### How to Find the GCF for Three or More Numbers

To find the GCF for three or more numbers, follow these steps:

1) Determine which of the given numbers is smallest, then find the smallest difference between any pair of numbers.

2) See what is smaller: the smallest number, or the smallest difference. Whichever one is smallest, that number is the GPGCF (Greatest Possible GCF). That means that this is the biggest number that the GCF could possibly be. Or, more formally we would say: The GCF, if it exists, must be less than or equal to the GPGCF.

3) Check if the GPGCF itself goes into all of the given numbers. If so, then it is the GCF. If not, list the factors of the GPGCF from largest to the smallest and test them until you find the largest one that does divide evenly into the given numbers. The first factor (i.e., the largest factor) that divides evenly into the given numbers is, by definition, the GCF.

EXAMPLE:

Problem: Find the GCF for 18, 30, 54.

1) Note that the **smallest number** is **18**, and the **smallest difference** between the pairs is **12** [54 – 30 = **24**; 54 – 18 = **36**; 30 – 18 = **12**] .

2) Of those four quantities (the smallest number and the three differences), **12** is the least. This means that the

**GPGCF = 12**.

3) Check if **12** divides evenly into the three given numbers: **18, 30 **and** 54**. In fact, **12** doesn’t divide evenly into ANY of these numbers. Next we check the factors of **12**, in order from largest to smallest. Those factors are: 6, 4, 3 and 2. The first of those that divides evenly into all three numbers is **6**. [18 ÷ 6 = 3; 30 ÷ 6 = 5; 54 ÷ 6 = 9]. So the **GCF =** **6**. And we are done.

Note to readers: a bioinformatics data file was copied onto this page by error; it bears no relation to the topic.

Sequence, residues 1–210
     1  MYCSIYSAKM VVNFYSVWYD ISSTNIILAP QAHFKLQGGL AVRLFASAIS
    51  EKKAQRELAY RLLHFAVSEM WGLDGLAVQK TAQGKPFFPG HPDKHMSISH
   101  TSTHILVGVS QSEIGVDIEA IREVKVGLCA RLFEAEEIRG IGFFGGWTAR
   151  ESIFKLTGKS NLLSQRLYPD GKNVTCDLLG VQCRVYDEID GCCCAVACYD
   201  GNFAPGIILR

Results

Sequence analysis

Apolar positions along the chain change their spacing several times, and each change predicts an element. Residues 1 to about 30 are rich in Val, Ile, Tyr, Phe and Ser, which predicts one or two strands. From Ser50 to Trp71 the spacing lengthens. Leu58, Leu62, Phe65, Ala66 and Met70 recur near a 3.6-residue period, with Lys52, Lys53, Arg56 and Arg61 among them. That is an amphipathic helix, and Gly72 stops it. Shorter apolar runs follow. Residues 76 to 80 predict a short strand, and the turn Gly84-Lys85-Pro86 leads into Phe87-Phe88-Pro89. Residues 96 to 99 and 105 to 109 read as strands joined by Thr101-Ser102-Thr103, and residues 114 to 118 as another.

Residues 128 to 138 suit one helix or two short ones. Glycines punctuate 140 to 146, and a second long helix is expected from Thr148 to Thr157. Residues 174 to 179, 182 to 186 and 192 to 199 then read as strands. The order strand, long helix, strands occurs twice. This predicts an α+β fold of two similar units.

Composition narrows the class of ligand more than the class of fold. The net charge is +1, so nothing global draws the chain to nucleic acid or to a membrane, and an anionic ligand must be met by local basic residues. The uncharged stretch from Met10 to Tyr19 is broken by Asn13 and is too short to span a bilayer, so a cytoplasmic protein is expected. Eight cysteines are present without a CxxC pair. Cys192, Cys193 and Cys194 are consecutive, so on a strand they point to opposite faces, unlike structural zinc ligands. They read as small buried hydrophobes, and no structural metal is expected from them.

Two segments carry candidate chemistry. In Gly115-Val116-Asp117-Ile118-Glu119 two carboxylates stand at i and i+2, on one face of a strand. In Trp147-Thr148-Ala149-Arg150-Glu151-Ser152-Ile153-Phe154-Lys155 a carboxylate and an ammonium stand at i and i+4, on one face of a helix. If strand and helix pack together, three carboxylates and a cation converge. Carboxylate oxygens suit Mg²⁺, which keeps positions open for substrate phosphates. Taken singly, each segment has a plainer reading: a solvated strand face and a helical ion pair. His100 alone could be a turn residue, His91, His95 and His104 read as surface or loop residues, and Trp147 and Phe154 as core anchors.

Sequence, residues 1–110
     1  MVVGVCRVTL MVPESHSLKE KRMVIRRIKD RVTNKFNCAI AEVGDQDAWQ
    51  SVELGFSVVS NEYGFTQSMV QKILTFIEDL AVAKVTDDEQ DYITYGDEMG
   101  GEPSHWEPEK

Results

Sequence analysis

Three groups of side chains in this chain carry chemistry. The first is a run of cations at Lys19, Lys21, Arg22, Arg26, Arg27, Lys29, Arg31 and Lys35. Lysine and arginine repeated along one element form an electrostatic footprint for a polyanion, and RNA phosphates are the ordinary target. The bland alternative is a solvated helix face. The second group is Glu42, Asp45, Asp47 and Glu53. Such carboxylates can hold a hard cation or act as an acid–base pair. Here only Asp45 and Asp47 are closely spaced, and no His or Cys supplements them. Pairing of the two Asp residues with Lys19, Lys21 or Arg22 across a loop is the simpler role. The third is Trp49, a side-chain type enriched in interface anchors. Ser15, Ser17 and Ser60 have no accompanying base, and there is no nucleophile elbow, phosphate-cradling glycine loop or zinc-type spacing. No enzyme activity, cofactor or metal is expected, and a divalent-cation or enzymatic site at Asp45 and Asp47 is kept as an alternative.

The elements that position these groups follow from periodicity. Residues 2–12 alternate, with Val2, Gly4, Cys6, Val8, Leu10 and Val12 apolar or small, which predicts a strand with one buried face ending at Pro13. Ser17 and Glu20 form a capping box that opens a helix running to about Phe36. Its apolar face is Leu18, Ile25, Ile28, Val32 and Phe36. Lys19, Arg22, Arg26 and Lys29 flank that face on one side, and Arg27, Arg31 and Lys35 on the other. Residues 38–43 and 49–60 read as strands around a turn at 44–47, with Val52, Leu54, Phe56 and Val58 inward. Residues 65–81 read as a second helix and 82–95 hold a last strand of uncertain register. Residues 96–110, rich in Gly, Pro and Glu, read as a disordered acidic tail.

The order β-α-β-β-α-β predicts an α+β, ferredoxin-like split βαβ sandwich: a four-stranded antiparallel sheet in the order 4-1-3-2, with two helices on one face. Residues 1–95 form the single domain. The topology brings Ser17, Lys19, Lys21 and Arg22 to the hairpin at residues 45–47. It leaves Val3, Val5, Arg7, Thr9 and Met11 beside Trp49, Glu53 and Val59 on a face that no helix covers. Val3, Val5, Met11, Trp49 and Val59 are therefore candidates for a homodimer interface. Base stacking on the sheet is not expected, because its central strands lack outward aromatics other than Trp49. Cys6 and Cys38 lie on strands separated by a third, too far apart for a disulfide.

**MORE CHALLENGING PROBLEM:**

Find the GCF for 24, 148, 200.

1) Note that the **smallest number** is **24**, and that the **smallest difference** between the pairs is **52** [200 – 148 = **52**; 200 – 24 = 176; 148 – 24 = **124**] .

2) Of those four quantities (the smallest number and the three differences), **24** is the least. This means that for this problem, the **GPGCF = 24**.

3) Check if **24** divides evenly into the three given numbers: **24, 148 **and** 200**. While **24** does divide evenly into 24, it does not divide evenly into 148 or 200. So next we check the factors of **24**, in order from largest to smallest. Those factors are: 12, 8, 6, 4, 3 and 2. The first of those that divides evenly into the three given numbers is 4. [24 ÷ 4 = 6; 148 ÷ 4 = 37; 200 ÷ 4 = 50]. So the **GCF =** 4. And, once again, we are done.

The process may seem a bit long, but once you get used to it and start doing it in your mind, not on paper, you should find that it actually is quite fast. And you’ll find yourself figuring out the GCF for three or more numbers all in your mind — with no need for pencil and paper — while everyone around you will be making prime factor trees or using calculators. And surely that is a good feeling.

**Josh Rappaport is the author of five books on math, including the Parents Choice-award winning Algebra Survival Guide. If you like how Josh explains these problems, you’ll certainly like the Algebra Survival Guide and companion Workbook, both of which are available on Amazon.com Just click the links in the sidebar for more information! **